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Sat 11 Oct 2008 04:00 AM

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How to terminate a contract

Michelle Nelson, partner at Pinsent Masons, says the complex nature of contracts must be done in accordance with its requirements, especially when one party wants to end the relationship.

One of the issues coming across our desks more and more is that of termination of a construction contract.

The questions asked are usually: can we terminate this contractor/subcontractor for non-performance? What about termination because we can get a better price elsewhere? Or on the other side of the fence: we were terminated without reason or warning. Can we make a claim?

There are many difficult questions to answer in this area and many different answers and issues to be aware of. The most important thing to consider, however, is that any attempt to terminate a construction contract must be done with the utmost of care and must be done in accordance with the procedural requirements of the contract and/or the prevailing law. Failure to do so can result in extremely serious consequences and a potentially large claim for damages.


The lessons on this issue can (and should) be learned by everybody - employers, contractors, engineers and even lawyers advising on such issues. Indeed, I was involved in an arbitration a few years ago which centred upon the question of whether a main contractor had followed the contractual machinery in terminating the sub-contractor.

The arbitral tribunal in that case decided that there were fundamental flaws in the drafting of the termination notice with the consequence that the termination was wrongful - and that termination notice was actually drafted by a well-respected law firm. Not mine, I hasten to add.

Most construction contracts include provisions setting out both the grounds and the procedure for termination of contract - generally for default by one or other of the parties, but sometimes also for convenience - generally on the part of the employer.

For example, the FIDIC contracts contain detailed provisions on termination, including both the allowable grounds for termination and also the process which must be followed. In almost all cases there is also a requirement for giving notice to the defaulting party.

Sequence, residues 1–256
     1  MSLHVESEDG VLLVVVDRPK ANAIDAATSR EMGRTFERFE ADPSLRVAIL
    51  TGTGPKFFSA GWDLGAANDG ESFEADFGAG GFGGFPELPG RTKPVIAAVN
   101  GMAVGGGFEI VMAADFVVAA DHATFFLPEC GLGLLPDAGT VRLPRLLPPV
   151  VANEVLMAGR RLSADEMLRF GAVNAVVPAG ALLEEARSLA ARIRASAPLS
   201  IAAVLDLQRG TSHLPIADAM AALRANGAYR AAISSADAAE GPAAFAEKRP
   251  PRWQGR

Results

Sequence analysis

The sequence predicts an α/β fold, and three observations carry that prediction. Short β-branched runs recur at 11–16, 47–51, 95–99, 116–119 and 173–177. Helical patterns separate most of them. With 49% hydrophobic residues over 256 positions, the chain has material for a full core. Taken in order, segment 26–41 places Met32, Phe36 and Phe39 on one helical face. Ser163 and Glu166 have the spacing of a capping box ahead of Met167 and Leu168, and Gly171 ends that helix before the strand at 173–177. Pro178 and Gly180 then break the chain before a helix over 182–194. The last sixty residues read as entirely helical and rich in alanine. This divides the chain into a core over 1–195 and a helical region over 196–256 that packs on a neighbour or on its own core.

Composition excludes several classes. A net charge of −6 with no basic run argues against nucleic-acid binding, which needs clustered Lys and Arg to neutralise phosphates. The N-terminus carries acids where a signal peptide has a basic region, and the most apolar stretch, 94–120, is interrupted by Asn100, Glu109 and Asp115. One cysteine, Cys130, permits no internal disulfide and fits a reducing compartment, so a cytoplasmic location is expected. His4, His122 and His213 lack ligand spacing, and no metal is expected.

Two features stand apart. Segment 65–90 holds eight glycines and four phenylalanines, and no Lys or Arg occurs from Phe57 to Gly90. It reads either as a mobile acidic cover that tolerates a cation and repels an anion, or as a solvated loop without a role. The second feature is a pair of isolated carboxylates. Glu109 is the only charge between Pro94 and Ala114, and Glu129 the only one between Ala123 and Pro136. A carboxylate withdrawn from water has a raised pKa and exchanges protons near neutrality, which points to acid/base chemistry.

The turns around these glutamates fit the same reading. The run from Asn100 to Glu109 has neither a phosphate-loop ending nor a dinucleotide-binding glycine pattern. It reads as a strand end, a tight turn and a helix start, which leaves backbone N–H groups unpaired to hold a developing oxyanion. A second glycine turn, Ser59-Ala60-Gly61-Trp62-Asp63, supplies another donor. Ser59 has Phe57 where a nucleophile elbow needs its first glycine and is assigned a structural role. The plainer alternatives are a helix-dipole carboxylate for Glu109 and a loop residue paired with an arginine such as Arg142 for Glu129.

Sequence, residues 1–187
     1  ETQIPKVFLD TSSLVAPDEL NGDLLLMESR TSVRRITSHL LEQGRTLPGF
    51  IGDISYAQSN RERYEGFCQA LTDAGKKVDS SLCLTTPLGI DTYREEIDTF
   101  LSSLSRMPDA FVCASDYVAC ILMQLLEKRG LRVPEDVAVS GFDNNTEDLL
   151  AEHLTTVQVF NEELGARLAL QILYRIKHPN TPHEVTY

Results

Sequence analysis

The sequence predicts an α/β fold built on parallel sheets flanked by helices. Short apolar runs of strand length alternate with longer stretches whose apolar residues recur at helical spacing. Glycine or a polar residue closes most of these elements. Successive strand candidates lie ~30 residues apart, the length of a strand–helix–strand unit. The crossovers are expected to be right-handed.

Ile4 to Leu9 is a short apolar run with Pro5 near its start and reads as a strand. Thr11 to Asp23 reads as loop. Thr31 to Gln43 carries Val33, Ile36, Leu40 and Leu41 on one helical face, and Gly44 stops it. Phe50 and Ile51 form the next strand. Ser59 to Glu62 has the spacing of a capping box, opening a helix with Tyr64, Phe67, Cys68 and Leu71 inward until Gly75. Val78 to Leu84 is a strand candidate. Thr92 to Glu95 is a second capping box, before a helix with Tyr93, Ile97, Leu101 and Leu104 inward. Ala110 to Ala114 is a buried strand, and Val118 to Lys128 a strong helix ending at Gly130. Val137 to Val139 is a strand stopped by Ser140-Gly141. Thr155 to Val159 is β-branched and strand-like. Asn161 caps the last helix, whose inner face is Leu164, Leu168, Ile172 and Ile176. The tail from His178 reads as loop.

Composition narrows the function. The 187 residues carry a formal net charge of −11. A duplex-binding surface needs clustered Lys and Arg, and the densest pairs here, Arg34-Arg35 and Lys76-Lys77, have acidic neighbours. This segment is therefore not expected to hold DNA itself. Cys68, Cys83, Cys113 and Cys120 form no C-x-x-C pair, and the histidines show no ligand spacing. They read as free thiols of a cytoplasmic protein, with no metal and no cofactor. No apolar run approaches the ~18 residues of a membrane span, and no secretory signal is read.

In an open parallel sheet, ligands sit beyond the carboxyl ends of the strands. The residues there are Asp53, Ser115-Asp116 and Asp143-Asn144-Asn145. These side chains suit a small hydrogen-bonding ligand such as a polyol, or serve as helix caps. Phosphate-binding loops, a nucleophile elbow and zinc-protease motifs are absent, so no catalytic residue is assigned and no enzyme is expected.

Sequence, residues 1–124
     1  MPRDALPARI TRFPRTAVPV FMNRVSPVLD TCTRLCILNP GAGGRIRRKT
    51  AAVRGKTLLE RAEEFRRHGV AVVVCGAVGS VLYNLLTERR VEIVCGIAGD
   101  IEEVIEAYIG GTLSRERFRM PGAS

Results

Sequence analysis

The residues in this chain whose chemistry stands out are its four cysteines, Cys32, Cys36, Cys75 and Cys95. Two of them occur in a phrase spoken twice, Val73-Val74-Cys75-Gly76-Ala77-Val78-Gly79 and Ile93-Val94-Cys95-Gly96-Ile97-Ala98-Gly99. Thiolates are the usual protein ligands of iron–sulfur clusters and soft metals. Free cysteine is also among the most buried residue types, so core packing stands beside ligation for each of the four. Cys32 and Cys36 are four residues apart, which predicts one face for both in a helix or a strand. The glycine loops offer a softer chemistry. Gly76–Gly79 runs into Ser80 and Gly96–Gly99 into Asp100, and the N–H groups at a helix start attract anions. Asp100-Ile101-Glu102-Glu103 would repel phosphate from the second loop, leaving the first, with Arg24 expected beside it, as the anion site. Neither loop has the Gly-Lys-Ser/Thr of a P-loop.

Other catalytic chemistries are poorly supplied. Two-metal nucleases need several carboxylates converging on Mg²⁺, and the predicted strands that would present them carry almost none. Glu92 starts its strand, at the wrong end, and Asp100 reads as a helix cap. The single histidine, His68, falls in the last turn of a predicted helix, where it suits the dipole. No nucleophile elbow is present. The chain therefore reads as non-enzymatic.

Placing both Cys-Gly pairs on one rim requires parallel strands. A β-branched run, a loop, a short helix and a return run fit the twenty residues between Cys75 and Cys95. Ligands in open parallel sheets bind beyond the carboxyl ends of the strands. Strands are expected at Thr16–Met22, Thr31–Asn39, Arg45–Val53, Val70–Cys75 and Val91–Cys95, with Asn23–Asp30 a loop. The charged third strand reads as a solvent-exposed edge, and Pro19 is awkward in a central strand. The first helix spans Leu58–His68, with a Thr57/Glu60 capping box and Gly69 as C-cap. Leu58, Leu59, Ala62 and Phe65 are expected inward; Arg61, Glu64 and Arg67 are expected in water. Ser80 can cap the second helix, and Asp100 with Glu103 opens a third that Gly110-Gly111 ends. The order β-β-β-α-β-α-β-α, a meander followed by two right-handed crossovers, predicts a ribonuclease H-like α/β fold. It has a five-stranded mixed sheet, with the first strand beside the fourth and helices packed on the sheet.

Here in the UAE, the civil code also contains certain provisions in relation to termination of contracts. It is a subject of debate whether a contract can be terminated without an order of the court in the absence of contractual provisions setting out the circumstances in which a contract may be terminated and setting out the mechanism to do so.  This is, however, outside the scope of this article, so I will not consider this further.

What is clear, however, is that the UAE law is particularly concerned that any such termination is done properly and fairly. The key requirement is that anybody seeking to terminate an agreement must give proper notice. Articles 271 and 272 of the UAE civil code provide that parties to a contract may agree that the contract can be terminated in certain circumstances upon giving notice.


Furthermore, article 877 of the code, which specifically deals with construction contracts, also provides the employer with the ability to terminate a construction contract in circumstances where the contractor's work is defective, or the work has been carried out in breach of contract.

However, the key point to note in relation to this provision is that the contractor must be given the opportunity to make good his work/breach if it is possible to do so, before the employer is free to get somebody else to undertake the work and claim the cost of so doing from the contractor.

This is of course fair and reasonable. If an employer is contemplating removing works from a contractor which he would otherwise be able to carry out, the contractor must be absolutely clear that this is potentially going to happen.

This will then give the contractor the opportunity to remedy its own failings or, if it is unable to do so, or chooses not to do so, he cannot complain about having inadequate warning, or about not having the opportunity to do something about it.

Indeed, not giving the contractor this opportunity is also contrary to the requirement that parties to a contract must perform their obligations in accordance with good faith under article 246 of the code.

One might question why the law is so particular to make sure that a party seeking to terminate a contract does so properly and with good grounds. There are generally no compromises in satisfying the requirements. The answer to this is relatively simple.

Take, for example a situation where a contractor has signed up to a four-year contract to build 20 tower blocks. In signing up to that agreement he has first allocated his resources to that project and secondly made an allowance in his head office figures for a contribution from the project in question. Indeed, he may also have turned down other projects because he has allocated all of his resources to this one.

It would certainly be unfair for an employer to suddenly decide to remove the works from the contractor without good cause and without reference to any procedures agreed in the contract. The moral of the story, therefore, is to ensure that any steps taken to terminate a contract are taken with good grounds and executed in the proper manner. Otherwise, they are likely to be steps which the party in question wishes it had not taken.

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